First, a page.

Tragic end to Herculean rescue efforts. After a relentless five-day excavation operation to save the 5-year-old Moroccan child Rayan from the well, rescue and medical teams have evacuated the boy. However the boy was confirmed dead according to a statement from the Moroccan Royal Court soon after.
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“Following the tragic accident that claimed the life of the child Rayan Awram, King Mohammed VI made a phone call to Khaled Awram, and Wassima Khersheesh, the parents of the deceased, who passed away, after falling into a well,” read the statement from the Moroccan Royal Palace.
King Mohammed expressed his deepest condolences and sincere sympathy to the family of the deceased, praying to Allah Almighty to bestow his mercy on him and grant his family patience and solace.
Sheikh Mohammed offers condolences
His Highness Sheikh Mohammed bin Rashid Al Maktoum, Vice President and Prime Minister of the UAE and Ruler of Dubai tweeted: “Our deepest condolences and sympathy to the family of Rayan... to Moroccan people… and to all humanity that grieved over this loss.. May Allah bless his soul in eternal peace and grant us all patience and solace.”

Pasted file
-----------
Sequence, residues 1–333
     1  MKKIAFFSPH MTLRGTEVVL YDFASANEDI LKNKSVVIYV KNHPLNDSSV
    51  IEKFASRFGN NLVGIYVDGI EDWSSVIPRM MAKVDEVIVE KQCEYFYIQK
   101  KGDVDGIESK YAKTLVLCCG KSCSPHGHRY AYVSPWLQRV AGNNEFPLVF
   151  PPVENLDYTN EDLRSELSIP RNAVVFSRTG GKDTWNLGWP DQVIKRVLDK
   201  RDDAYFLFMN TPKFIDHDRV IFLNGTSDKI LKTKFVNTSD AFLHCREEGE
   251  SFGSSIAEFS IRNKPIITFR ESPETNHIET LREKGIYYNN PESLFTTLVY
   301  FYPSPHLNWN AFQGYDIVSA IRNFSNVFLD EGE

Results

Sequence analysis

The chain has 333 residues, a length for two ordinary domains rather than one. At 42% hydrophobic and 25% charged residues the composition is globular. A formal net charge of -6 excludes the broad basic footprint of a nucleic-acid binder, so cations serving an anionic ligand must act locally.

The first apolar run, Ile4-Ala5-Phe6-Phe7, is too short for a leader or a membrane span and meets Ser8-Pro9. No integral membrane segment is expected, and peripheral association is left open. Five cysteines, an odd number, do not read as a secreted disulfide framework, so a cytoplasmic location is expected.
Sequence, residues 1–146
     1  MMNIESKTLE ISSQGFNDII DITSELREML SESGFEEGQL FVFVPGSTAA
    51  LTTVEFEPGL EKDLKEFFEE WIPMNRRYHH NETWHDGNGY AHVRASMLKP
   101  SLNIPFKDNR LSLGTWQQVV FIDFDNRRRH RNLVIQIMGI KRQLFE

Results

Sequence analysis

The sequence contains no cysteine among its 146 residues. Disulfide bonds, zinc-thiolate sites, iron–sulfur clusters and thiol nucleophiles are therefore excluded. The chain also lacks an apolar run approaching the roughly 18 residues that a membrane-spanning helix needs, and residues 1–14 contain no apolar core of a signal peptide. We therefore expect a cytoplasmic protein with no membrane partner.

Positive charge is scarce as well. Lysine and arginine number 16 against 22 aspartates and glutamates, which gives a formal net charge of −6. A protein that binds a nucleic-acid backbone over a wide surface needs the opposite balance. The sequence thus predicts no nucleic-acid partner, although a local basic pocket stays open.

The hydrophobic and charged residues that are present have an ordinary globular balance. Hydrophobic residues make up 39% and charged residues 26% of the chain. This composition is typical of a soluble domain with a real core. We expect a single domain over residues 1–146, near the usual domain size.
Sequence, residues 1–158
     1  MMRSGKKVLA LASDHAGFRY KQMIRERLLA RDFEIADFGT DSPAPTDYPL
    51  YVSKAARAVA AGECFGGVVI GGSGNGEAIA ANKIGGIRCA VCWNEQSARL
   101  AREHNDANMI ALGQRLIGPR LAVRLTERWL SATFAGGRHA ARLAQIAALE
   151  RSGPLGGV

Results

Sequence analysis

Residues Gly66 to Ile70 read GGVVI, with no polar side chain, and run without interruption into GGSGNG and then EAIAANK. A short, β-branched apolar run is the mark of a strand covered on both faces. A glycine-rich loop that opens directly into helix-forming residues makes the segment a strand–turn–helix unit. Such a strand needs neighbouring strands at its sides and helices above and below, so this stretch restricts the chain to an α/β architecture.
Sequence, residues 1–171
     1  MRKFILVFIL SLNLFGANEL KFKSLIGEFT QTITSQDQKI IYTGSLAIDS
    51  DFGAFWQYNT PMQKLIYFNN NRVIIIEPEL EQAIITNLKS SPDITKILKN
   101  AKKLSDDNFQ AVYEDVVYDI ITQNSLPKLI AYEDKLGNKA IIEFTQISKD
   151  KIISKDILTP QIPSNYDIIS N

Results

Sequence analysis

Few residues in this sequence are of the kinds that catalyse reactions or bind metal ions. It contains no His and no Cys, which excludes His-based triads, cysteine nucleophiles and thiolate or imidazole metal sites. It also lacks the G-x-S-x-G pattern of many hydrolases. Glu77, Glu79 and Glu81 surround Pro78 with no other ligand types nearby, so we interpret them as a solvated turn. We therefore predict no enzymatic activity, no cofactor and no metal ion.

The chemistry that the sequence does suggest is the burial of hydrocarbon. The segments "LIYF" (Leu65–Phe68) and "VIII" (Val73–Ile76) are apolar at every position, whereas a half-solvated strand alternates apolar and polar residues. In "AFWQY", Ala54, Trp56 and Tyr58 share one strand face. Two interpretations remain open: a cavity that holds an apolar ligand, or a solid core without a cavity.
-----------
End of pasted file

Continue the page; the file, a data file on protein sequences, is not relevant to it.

Rayan declared dead. Moroccan royal court confirms 5-year old Rayan evacuated from the well is dead.
Rayan is being taken to the hospital, but there is no official information yet on his health condition.
Rescue teams have successfully evacuated Ryan after about 100 hours of being trapped in the well. An ambulance transports Ryan to the helicopter parked near the excavation site to take him to hospital
Rayan’s parents stand in front of the tunnel’s entrance, waiting for their son to be taken out.
The medical team is preparing Rayan so that they can get him out of the well through a stretcher: Moroccan media.
Rayan’s parents have entered the tunnel to see their son.
Rayan is found to be suffering from brain and lung injuries in addition to multiple fractures.
Rayan is suffering from multiple fractures, according to initial examinations by rescue doctors, reports Moroccan media.
Medical teams are getting ready to take Rayan out of the tunnel.